You have to keep in mind that as your story progresses, you will have to show a certain amount of development.
If your protagonist has changed due to a particular incident, your side characters will also have to be affected.
If you’re taking a leap of time, certain advancements in technology will have to be shown.
Similarly, your main characters aren’t the only ones who will develop into the ‘final product’.
You will have to establish a connection between the sub plots and side characters that you have introduced and explored earlier.
Never introduce an element that has no relevance to your story, be it in the form of a character, an incident or a sub plot.
7. Write your Script:
We have by far discussed all the crucial elements of a good script and basics of writing, now it is time to understand that writing a script does not merely mean writing a story in a notebook or typing it in your laptop.
Before you prepare your first draft, keep in mind that:
- Your script should be in printed form.
- It should consist of about 90-120 pages.
- Printed on 8.5″ x 11″, white, three-hole-punched paper.
The use of font:
The font used to write scripts is Courier, and that is not something you should change.
The first page:
Although you can easily use formatting programs to convert your entire text into a script format, it is always good to know the rules yourself. The first page of the script is drafted as follows:
- The top, bottom and right margins of a screenplay are 1″
- The first item on the first page should be the words ‘FADE IN:’
- The entire document should be single-spaced.
- The first page is never numbered.
8. Script Writing Format: Elements in a Script:
The scene heading consists of one-line description of the location and time of day of a scene. It is always written in all caps.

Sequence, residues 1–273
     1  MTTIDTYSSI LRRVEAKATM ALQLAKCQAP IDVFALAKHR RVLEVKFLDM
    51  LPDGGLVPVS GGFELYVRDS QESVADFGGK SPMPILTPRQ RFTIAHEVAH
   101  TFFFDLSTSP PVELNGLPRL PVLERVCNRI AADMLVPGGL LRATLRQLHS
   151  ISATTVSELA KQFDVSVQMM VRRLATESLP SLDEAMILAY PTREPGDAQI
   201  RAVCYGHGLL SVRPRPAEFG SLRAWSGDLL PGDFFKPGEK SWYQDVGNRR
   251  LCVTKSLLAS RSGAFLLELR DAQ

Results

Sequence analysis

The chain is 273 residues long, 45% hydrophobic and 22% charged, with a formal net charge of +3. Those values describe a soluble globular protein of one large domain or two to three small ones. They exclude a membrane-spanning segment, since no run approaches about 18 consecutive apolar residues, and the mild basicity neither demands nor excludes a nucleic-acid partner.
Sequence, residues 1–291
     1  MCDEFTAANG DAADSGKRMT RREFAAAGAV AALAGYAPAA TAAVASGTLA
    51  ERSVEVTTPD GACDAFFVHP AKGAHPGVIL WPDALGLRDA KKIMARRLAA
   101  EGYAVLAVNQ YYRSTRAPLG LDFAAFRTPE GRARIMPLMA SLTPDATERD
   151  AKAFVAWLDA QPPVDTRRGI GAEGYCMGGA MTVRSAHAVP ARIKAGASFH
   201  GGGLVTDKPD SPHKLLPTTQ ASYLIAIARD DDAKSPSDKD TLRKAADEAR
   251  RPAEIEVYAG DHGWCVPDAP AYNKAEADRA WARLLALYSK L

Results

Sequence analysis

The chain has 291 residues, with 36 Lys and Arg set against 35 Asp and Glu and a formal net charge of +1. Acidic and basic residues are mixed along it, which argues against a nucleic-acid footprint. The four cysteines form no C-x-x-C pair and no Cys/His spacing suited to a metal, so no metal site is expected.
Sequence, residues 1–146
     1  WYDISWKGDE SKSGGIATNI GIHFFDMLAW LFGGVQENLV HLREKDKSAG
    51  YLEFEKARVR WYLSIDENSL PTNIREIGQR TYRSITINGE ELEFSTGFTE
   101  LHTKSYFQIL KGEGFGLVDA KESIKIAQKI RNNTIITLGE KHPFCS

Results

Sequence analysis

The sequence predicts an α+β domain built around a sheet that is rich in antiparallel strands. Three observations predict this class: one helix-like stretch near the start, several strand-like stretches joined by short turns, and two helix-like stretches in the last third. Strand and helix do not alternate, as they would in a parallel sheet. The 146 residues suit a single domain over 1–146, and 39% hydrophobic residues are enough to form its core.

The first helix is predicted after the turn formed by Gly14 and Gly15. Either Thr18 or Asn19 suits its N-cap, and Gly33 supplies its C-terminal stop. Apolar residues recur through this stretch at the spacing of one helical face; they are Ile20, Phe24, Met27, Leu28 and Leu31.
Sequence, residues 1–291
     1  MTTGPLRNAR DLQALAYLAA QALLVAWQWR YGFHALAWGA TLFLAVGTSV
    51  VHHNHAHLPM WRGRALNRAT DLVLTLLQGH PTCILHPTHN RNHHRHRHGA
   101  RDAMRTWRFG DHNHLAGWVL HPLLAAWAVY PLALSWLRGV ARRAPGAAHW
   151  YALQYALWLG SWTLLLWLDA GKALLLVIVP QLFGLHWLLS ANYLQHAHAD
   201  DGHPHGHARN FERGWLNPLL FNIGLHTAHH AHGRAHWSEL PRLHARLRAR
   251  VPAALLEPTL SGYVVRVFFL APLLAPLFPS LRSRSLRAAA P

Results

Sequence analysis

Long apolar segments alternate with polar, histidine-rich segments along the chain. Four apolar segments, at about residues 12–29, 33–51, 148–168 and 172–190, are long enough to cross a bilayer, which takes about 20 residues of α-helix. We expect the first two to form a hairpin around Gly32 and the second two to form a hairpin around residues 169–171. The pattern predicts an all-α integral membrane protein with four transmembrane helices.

A sub header is used when a new scene heading isn’t required but a distinction in the action is to be shown.
You might use them to make a number of quick cuts between two locations. Here, you would write ‘INTERCUT’ and the scene locations.
(Pro tip: a lot of sub headings are not liked by producers).
This is the narrative descripting of what is happening in a scene and is always written in the present tense.
You need to keep in mind to add only things that are visible and/or audible to the audience.
Characters are introduced in actions.
In their first scene, their names are written in all caps.
In scenes where they have dialogues, their names are written and their dialogues follow in the next line.
Characters which do not have much prominence can be written as DOCTOR or TEACHER.
Dialogues are the lines that each character speaks.
use dialogue formatting whenever your audience can hear a character speaking, including off-screen speech or voiceovers.
With this, we come to a conclusion. Hopefully you will find it helpful, understood script writing basics and will write a great script. We insist you do it soon because it’s a packed race and we want you to win! Until then, goodbye!